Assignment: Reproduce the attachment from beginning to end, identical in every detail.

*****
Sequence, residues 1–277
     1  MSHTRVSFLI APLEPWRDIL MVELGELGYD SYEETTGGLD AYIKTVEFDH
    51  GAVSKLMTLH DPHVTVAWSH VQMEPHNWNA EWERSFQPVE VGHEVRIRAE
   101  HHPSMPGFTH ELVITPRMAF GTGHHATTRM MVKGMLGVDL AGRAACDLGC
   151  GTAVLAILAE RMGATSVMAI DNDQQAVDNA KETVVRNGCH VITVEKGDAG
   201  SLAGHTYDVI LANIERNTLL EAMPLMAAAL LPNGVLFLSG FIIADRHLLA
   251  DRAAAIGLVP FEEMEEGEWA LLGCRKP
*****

Sequence, residues 1–277
     1  MSHTRVSFLI APLEPWRDIL MVELGELGYD SYEETTGGLD AYIKTVEFDH
    51  GAVSKLMTLH DPHVTVAWSH VQMEPHNWNA EWERSFQPVE VGHEVRIRAE
   101  HHPSMPGFTH ELVITPRMAF GTGHHATTRM MVKGMLGVDL AGRAACDLGC
   151  GTAVLAILAE RMGATSVMAI DNDQQAVDNA KETVVRNGCH VITVEKGDAG
   201  SLAGHTYDVI LANIERNTLL EAMPLMAAAL LPNGVLFLSG FIIADRHLLA
   251  DRAAAIGLVP FEEMEEGEWA LLGCRKP